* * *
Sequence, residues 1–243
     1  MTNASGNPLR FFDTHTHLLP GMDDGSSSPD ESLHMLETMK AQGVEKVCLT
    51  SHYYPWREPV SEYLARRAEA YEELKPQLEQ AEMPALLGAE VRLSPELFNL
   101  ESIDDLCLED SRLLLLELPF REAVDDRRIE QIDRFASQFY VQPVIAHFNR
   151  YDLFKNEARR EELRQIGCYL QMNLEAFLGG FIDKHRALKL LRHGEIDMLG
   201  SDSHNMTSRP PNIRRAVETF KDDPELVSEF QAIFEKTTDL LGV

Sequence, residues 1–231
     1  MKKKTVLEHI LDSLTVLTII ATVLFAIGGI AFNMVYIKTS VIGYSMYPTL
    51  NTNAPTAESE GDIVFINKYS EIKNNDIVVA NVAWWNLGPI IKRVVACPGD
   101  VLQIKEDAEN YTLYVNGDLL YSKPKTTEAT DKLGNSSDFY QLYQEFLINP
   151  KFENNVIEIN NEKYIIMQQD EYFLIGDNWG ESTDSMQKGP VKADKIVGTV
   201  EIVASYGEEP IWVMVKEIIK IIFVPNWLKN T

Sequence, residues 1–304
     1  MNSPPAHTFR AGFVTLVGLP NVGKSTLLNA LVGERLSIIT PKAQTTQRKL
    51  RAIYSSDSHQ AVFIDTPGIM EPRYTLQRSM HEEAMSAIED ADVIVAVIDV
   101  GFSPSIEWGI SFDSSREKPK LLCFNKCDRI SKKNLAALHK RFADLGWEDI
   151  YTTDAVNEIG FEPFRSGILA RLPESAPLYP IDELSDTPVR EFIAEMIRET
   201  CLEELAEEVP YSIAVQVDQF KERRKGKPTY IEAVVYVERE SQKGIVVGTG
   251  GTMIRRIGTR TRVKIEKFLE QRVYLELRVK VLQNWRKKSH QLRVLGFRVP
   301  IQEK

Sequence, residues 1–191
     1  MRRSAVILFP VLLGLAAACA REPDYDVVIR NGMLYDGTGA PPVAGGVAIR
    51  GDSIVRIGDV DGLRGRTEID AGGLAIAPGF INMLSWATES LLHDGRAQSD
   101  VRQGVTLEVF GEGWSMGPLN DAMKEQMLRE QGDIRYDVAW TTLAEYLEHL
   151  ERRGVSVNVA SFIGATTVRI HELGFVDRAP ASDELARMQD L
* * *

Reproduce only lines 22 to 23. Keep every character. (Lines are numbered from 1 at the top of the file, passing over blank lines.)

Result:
     1  MRRSAVILFP VLLGLAAACA REPDYDVVIR NGMLYDGTGA PPVAGGVAIR
    51  GDSIVRIGDV DGLRGRTEID AGGLAIAPGF INMLSWATES LLHDGRAQSD